Posted to Ben Finklea's blog on February 9th, 2010

Google’s Super Bowl XLIV Ad: Romanticizing Search (with video evidence)

The Super Bowl is practically a national holiday – a record-shattering 106.5 million people tuning in this year, according to some guy named Nielsen, to watch the New Orleans Saints create NFL history. Over the years, there are just as many people who tune for the big game as they do for the commercials. So it came as no surprise that Google finally took advantage of the exposure and ran their first Super Bowl ad on Sunday.

Google’s Super Bowl XLIV ad, appropriately named “Parisian Love”, ran during the third quarter and featured a ‘love story’ highlighting Google’s local search offerings by showing viewers search results. The commercial began with a search for “study abroad paris france” and follows the user through a basic search. The subsequent searches walk the viewer through this user’s life and demonstrates how Google can actually have an effect on everyday life. Google’s very own Eric Schmidt tweeted up some hype for their debut, stating quite appropriately that "hell has indeed frozen over". Watch all 53 seconds of Google's Super Bowl XLIV ad again below:

"Parisian Love"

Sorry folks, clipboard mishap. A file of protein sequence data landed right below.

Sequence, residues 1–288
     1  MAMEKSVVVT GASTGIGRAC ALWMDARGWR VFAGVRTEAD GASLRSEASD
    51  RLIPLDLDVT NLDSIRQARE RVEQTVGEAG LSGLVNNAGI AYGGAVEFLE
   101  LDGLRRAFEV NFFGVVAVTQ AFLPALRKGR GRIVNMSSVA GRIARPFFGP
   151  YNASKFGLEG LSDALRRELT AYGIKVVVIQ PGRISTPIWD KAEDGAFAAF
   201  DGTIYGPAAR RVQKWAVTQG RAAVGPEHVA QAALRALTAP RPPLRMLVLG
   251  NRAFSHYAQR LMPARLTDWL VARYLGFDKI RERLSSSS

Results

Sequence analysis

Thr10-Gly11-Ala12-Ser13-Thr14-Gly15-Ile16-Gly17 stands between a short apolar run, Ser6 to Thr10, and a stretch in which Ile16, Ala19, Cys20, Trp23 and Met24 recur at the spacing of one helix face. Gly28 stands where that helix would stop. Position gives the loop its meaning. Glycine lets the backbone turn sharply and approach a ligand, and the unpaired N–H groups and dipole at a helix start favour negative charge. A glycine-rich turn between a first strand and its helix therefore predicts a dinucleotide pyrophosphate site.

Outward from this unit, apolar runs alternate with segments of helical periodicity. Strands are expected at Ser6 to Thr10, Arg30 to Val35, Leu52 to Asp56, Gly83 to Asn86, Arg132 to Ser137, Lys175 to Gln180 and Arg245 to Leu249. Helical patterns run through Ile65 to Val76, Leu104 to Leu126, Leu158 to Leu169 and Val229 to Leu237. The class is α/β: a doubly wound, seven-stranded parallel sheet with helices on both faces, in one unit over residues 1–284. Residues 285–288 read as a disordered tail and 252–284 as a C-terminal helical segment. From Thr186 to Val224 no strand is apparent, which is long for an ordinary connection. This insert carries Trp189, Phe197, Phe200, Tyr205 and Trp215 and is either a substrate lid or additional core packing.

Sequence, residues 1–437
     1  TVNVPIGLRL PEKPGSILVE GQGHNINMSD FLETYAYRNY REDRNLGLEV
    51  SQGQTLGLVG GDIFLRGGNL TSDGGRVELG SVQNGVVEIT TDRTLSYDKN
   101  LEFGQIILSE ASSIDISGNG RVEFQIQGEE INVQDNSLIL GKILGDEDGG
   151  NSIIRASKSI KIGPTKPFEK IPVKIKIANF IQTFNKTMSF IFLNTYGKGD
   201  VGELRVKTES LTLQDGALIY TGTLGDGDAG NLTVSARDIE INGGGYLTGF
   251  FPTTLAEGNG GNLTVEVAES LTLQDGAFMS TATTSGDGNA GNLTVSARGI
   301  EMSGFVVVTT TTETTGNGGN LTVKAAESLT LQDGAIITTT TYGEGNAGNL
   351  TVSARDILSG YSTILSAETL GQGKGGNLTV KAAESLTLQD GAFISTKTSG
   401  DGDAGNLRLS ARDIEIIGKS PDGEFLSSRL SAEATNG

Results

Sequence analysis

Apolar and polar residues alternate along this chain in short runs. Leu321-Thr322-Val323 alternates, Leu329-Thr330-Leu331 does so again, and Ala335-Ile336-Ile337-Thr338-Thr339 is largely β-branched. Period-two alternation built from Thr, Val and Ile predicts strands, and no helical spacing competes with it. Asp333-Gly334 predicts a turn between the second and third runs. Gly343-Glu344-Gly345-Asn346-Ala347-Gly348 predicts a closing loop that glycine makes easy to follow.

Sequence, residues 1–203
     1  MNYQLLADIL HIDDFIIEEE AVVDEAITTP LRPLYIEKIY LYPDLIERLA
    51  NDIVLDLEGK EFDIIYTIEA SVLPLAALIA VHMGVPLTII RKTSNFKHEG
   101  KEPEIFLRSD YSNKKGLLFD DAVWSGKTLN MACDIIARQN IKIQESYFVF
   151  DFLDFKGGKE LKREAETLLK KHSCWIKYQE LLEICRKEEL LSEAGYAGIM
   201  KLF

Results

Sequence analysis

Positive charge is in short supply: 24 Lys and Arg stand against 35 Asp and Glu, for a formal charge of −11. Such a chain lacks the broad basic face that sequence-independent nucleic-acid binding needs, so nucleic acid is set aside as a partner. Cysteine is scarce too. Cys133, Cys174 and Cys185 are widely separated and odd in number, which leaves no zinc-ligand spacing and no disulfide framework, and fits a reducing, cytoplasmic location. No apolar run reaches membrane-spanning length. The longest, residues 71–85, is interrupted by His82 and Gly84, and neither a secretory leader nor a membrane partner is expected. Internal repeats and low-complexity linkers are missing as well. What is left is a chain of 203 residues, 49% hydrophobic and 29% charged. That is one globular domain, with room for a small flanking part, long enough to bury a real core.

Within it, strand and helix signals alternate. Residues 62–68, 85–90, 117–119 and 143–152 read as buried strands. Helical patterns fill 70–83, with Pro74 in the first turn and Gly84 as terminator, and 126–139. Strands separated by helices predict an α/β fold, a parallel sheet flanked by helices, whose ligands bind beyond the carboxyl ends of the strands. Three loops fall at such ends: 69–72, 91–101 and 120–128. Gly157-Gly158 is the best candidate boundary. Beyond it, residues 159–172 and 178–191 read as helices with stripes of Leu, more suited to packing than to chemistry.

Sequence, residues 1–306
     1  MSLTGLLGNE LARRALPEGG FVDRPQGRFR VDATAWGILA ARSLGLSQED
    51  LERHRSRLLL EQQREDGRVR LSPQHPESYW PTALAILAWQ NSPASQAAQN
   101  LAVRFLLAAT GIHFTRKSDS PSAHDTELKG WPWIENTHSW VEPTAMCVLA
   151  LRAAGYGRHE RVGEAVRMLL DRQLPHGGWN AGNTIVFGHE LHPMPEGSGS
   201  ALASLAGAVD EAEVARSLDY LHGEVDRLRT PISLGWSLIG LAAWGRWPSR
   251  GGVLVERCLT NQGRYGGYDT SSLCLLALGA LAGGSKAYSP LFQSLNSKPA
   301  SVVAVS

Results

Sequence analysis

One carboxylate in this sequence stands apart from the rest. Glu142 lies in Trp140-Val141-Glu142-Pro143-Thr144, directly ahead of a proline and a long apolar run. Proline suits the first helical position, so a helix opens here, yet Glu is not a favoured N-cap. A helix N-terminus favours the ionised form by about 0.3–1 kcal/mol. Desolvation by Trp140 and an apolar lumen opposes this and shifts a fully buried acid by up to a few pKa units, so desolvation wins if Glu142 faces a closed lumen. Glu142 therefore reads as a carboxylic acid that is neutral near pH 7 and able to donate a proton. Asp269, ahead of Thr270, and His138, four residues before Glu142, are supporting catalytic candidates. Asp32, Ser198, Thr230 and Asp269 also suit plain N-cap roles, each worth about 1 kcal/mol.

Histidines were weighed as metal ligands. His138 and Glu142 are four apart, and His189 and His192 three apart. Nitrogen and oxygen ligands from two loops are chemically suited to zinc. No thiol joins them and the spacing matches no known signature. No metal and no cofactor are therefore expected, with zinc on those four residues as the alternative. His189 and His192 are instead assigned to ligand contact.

Almost made you cry, didn’t it?! They certainly hit an emotional bullseye for most viewers and put some romance in their search. This is actually not a made-for-Super-Bowl ad. The ad originally debuted last November on Google’s “Search Stories” YouTube channel, which means the beyond the $3M it took to RSVP the spot, Google’s tear-jerker was already paid for. And production is where Super Bowl commercials truly get expensive.

"Are We Not All Men?"

Surprisingly, this is the first Google Super Bowl advert, but I doubt it will be the last. As much parity as there is in sports, you can see it in other cultural arenas. While Google’s empire has ripped large fists of ad dollars from the angry hands of television executives, Google now is putting them back in. Hell has indeed frozen over, Eric Schmidt. Let's just be hopeful that those impatient hands are still not smudged with the orange film of Doritos.

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